Among the biggest the changes made for UC game days, the Bearcats operations staff had to add seven tables courtside to expand NKU’s 30 feet of digital scoring space to the 100 feet Cincinnati is accustom to having.

UC brings its own bench chairs and uses NKU’s courtside seats, but adds slipcovers to give them a Bearcat look. Cincinnati also installed a digital display to the neck of the basket, which NKU now utilizes, too, and sponsorship signs on the bottom of the basket had to be covered and redone to fit UC’s sponsors.

Seoldo said marketing did a lot of the branding around the concourse and in the pathways where the team runs out of the tunnel from the locker room.

“Their venue people are easy to work with and helped us out when they could,” Seoldo said. “We’ve developed a pretty good relationship with them, so that sure makes life easier.”

Playing at BB&T saves UC some trouble in that the school is using the arena’s contracted ushers, ticket-takers, bag-checkers and concessions workers. It’s a few less things for Seoldo to worry about, and he has heard no complaints from fans regarding the game-day experience.

Of course, it’s a different setup for fans, too. The 9,400-seat BB&T is smaller and configured differently than Fifth Third Arena, where the seats are close to the court and 13,176 fans can attend, but $5 parking has been a plus.

“It’s a little different, I’m not going to lie,” said 50-year-old Cherry Grove resident Greg Hoodin, who has been to six UC home games this season. “You walk in and see the same people you see at the Shoe (Fifth Third Arena at Myrl H. Shoemaker Center), so when the band starts playing and cheerleaders come out and the Bearcat starts running around with the flag, it feels more like a home game.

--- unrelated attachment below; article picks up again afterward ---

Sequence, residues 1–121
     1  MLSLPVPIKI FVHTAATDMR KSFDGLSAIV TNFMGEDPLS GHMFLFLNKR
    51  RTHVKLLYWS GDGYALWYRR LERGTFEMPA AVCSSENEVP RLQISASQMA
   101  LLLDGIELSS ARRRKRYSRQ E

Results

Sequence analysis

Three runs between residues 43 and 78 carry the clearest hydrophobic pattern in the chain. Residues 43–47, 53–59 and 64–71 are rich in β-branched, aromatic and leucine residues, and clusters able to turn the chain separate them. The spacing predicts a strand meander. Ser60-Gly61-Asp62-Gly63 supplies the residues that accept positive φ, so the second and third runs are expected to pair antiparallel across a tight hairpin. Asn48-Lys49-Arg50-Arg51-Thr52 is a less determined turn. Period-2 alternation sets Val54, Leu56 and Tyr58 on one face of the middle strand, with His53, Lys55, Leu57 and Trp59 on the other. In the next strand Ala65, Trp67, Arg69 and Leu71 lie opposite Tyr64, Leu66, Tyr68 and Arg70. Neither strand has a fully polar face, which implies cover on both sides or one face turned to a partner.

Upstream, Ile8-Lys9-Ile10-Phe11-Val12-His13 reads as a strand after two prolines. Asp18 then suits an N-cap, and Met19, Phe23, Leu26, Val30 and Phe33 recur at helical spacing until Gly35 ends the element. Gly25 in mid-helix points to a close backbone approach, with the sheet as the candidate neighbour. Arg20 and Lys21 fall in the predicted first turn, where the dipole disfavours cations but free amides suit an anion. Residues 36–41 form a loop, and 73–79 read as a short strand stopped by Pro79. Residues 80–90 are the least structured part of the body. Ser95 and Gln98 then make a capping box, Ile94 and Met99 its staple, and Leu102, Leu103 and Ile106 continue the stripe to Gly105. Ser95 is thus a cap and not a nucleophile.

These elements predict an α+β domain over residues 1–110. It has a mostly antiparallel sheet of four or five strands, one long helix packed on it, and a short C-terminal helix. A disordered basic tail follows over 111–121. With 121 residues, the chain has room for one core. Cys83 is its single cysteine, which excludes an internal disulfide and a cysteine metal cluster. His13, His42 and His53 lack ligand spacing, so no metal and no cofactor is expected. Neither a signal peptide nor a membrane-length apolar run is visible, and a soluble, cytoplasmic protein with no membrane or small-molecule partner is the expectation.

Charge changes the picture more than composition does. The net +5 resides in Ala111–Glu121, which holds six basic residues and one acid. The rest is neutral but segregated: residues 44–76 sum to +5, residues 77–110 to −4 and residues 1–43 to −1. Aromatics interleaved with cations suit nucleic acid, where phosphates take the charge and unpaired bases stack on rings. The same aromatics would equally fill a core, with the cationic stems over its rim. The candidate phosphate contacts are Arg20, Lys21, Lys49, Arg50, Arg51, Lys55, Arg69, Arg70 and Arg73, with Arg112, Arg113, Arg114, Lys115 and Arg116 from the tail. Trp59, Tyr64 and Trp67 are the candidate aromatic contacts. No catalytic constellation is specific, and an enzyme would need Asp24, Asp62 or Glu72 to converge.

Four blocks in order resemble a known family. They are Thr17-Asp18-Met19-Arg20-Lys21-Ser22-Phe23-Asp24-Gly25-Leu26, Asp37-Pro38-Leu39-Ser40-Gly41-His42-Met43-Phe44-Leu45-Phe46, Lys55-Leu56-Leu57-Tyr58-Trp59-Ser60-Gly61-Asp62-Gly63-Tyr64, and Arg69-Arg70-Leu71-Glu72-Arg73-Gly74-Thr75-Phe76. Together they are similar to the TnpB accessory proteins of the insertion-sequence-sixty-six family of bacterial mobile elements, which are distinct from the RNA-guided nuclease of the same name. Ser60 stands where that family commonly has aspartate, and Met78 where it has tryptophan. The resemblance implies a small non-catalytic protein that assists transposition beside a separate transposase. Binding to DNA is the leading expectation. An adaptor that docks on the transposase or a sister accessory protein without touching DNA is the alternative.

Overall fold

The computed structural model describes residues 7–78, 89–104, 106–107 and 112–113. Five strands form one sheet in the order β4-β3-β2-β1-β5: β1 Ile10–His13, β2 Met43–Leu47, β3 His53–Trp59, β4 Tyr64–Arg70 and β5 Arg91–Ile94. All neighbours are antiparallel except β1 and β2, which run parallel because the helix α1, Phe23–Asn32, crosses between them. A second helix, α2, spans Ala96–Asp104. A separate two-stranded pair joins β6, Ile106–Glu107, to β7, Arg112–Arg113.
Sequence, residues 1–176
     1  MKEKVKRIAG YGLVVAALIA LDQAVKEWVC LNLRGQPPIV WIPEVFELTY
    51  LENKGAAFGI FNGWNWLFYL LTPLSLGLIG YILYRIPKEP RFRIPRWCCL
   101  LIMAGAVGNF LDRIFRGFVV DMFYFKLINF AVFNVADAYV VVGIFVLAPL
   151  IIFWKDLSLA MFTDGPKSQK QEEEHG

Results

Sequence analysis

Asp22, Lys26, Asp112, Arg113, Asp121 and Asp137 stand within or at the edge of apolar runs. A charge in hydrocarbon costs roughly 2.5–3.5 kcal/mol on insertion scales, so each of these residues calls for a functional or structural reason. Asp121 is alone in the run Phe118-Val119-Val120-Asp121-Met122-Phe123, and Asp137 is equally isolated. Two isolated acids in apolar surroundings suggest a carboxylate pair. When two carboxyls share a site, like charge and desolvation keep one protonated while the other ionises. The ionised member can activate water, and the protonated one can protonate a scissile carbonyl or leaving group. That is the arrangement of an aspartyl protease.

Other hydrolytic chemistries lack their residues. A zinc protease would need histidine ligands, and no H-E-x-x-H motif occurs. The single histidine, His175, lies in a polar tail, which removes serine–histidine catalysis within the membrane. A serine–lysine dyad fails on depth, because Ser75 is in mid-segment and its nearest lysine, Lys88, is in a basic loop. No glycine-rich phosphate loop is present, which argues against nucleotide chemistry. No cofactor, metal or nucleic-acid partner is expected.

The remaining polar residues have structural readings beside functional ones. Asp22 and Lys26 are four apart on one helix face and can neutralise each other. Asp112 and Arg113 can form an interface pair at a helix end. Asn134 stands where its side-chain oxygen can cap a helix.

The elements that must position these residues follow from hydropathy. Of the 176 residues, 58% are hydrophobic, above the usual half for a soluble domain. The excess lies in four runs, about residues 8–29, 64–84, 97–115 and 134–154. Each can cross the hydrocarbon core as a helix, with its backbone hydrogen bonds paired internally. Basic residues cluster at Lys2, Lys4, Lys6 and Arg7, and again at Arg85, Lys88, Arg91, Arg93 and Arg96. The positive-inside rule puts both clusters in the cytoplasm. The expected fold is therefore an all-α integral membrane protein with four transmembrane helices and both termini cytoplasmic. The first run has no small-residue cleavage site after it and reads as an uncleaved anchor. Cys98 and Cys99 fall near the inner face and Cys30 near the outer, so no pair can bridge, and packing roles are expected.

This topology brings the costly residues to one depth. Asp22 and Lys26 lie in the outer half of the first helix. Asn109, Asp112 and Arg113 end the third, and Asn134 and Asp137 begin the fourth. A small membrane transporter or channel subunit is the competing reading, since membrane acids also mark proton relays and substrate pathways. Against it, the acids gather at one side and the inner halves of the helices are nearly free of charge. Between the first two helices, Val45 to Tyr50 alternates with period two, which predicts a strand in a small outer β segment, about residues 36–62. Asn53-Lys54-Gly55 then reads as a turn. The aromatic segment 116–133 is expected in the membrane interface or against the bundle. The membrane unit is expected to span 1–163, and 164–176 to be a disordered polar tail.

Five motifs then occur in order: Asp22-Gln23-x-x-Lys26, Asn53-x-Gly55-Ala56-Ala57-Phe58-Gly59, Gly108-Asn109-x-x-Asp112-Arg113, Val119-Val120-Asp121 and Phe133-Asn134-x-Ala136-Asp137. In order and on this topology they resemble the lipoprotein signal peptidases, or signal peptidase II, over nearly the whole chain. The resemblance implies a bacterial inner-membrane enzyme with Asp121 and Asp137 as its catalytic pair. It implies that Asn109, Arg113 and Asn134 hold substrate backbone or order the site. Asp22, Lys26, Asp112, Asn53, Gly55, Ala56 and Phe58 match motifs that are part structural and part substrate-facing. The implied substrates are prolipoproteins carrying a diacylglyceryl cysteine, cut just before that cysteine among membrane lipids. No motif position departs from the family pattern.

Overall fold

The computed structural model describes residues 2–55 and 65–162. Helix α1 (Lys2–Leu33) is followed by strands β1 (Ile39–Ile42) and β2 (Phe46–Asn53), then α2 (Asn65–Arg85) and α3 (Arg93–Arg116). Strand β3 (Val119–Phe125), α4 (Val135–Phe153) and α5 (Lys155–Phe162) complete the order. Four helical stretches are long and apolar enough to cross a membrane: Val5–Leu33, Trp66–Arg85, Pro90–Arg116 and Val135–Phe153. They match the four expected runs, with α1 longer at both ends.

“But, at the Shoe, there are two student sections on each end and you get the crazy at both ends. There is just one student section at BB&T, so it’s never going to be as loud and it’s just not the same. But it’s a nice arena. The views are great. I’ve been on the floor, upstairs, downstairs, and the facility is really nice.”

Hoodin also misses having bars and restaurants nearby to frequent before or after games at Fifth Third. There is a shuttle from Barleycorn’s in Cold Spring to BB&T Arena, but it’s not the same as the experience around UC's campus, Hoodin said.

Playing at NKU doesn’t throw off the game-day schedule too much for the team.

The Bearcats have their shootaround on campus, then enjoy a pre-game meal and head to BB&T for warmups about two hours before tipoff. The drive takes about 30 minutes. NKU is allowed to practice up to 90 minutes before tipoff, which is also when the gates open, so sometimes UC has to wait in the locker room a little while before heading out to the floor, but the players don’t seem to mind.

“It was weird the first couple times being there, but we’ve gotten used to it,” said junior point guard Cane Broome, who watched from the sidelines last year during games at Fifth Third Arena after transferring from Sacred Heart. “A court is just a court, so it's not that big a deal, but I'm looking forward to getting back here on campus where there is no question we have home-court advantage.”